Fujifilm X100V Film Simulation Recipe: Fujicolor Superia 800

50149664253_f69253ce2c_c

Flags of IKEA – Draper, UT – Fujifilm X100V – “Fujicolor Superia 800”

One of the earliest film simulation recipes I created that was intended to mimic a specific film was Fujicolor Superia 800, which I made on a Fujifilm X100F about two-and-a-half years ago. This is a recipe that I’ve used often; I especially like it on overcast days. When I published the Superia 800 recipe, I stated, “It’s not a 100% match [to the film], but I feel like it’s convincing enough….” I think that’s a true statement, but with the new tools available on the X100V, could I create a closer match, one that might be even more convincing?

Classic Negative needed to be the starting point for a new Fujicolor Superia 800 recipe since this new film simulation is “modeled after” Fujicolor Superia with “Superia-like” colors. I incorporated the new Clarity and Color Chrome Effect Blue features into this recipe. Unfortunately, Clarity slows down the camera considerably, so you’ll either have to accept the slow speed (which is what I do) or add Clarity later by reprocessing the RAW file. I think this new recipe is indeed a closer match to actual Superia 800—in fact, you could likely convince people that you shot film!

50153756412_10242d2ae3_c

Horse Boarding – Salt Lake City, UT – Fujifilm X100V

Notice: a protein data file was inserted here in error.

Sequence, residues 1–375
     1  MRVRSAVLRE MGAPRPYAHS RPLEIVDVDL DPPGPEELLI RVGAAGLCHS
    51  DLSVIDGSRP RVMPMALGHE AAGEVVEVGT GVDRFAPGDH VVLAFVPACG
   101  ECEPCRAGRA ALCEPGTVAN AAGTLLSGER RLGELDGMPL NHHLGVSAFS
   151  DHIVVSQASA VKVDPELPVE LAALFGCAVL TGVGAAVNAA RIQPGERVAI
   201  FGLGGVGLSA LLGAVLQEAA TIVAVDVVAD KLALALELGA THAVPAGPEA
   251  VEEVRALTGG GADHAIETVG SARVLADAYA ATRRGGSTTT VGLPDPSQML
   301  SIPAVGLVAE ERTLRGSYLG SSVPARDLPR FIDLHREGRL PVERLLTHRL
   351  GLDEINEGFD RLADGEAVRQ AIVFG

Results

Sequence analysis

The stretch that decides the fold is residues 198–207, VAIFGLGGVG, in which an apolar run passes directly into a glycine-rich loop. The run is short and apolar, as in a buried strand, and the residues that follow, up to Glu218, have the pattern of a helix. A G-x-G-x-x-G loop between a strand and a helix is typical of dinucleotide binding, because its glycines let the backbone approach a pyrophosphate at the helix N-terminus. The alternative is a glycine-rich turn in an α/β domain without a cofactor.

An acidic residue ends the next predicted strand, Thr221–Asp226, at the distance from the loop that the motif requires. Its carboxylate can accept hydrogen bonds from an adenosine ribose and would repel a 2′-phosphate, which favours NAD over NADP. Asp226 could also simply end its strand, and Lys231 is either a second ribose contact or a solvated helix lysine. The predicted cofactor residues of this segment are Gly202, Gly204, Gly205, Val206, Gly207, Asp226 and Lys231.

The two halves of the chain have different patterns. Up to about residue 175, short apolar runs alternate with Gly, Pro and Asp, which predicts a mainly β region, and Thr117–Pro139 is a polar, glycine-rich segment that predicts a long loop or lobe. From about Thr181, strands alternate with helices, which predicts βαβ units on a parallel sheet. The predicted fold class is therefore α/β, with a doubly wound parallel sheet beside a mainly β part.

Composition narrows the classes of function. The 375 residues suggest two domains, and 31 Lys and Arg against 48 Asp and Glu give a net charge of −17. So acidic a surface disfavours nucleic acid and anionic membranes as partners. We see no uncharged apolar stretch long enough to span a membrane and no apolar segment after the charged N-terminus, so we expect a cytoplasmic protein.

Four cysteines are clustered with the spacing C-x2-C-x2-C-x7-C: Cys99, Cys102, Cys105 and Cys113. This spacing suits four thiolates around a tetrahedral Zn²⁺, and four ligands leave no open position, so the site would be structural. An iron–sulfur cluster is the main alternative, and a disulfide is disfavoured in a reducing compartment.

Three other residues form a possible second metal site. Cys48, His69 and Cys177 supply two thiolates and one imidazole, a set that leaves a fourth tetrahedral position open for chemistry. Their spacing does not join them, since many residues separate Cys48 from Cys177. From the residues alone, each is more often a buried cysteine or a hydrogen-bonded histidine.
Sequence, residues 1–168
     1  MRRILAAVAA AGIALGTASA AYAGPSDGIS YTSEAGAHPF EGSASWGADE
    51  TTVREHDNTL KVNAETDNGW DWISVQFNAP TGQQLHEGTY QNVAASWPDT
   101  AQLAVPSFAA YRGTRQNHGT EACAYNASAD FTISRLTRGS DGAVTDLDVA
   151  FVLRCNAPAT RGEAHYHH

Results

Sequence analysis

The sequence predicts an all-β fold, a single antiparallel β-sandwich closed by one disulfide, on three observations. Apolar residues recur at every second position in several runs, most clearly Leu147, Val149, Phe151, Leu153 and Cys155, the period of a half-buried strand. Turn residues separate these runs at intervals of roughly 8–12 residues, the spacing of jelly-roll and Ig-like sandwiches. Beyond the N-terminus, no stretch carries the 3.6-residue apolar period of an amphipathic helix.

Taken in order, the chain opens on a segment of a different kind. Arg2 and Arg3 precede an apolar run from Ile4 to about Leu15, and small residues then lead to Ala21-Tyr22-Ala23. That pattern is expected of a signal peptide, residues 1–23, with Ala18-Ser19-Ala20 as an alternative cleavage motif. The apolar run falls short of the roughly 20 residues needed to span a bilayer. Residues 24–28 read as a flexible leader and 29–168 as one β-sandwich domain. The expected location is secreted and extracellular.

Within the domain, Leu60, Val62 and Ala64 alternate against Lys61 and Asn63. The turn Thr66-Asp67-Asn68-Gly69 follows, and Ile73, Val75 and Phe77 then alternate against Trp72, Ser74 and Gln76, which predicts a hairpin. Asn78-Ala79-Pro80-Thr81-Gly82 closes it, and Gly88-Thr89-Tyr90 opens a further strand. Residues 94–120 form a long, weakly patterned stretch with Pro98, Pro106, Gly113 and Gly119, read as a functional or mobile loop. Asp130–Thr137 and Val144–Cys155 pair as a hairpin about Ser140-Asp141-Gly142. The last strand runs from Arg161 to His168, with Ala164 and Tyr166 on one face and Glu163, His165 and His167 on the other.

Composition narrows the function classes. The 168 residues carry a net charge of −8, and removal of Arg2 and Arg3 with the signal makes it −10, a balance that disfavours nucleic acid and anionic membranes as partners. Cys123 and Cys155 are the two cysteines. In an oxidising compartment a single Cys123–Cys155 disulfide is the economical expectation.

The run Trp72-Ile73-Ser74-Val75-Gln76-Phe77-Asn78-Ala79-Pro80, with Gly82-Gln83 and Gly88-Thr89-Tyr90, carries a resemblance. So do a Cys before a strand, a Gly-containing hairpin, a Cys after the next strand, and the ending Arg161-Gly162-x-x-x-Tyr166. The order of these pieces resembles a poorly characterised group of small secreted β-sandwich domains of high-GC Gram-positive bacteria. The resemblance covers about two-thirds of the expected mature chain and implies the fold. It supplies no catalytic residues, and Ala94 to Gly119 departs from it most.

I think this recipe might be my favorite of the Superia recipes that I’ve created thus far. If you like my Superia 100, Reala 100, and Superia 1600 recipes, you’ll certainly like this one, too! It has a great analog aesthetic. It’s pretty amazing that you can get this look straight out of camera. This Fujicolor Superia 800 recipe is (as of this writing) only compatible with the Fujifilm X100V, X-Pro3 and X-T4.

Classic Negative
Dynamic Range: DR400
Highlight: -1
Shadow: +1
Color: -1
Noise Reduction: -4
Sharpening: -1
Clarity: -4
Grain Effect: Strong, Large
Color Chrome Effect: Strong
Color Chrome Effect Blue: Weak
White Balance: Daylight, -1 Red & -3 Blue
ISO: Auto, up to ISO 6400
Exposure Compensation: +1/3 to +2/3 (typically)

Example photographs, all camera-made JPEGs using this Fujicolor Superia 800 film simulation recipe on my Fujifilm X100V:

50149664263_35fa2f3ebe_c

Line Begins Here – Draper, UT – Fujifilm X100V

50150223076_a79d675bec_c

Fire Suppression – Draper, UT – Fujifilm X100V

50149673438_9356b3b19c_c

Trash – Draper, UT – Fujifilm X100V

50150453777_fc4f6e29e5_c

Family Friendly Parking – Draper, UT – Fujifilm X100V

50150453252_42528d9612_c

Waiting for Hope? – Draper, UT – Fujifilm X100V

50150462187_d1df4184e6_c

Waiting to Enter – Draper, UT – Fujifilm X100V

50150205551_8934d9ea5a_c

Waiting Reflection – Draper, UT – Fujifilm X100V

50149655073_875e5b4f8b_c

Keeper of the Door – Draper, UT – Fujifilm X100V

50149654953_d28be0d145_c

Entrance – Draper, UT – Fujifilm X100V

50150215376_6022023569_c

Cloud Above Yellow Wall – Draper, UT – Fujifilm X100V

50150225376_6a4a59df0a_c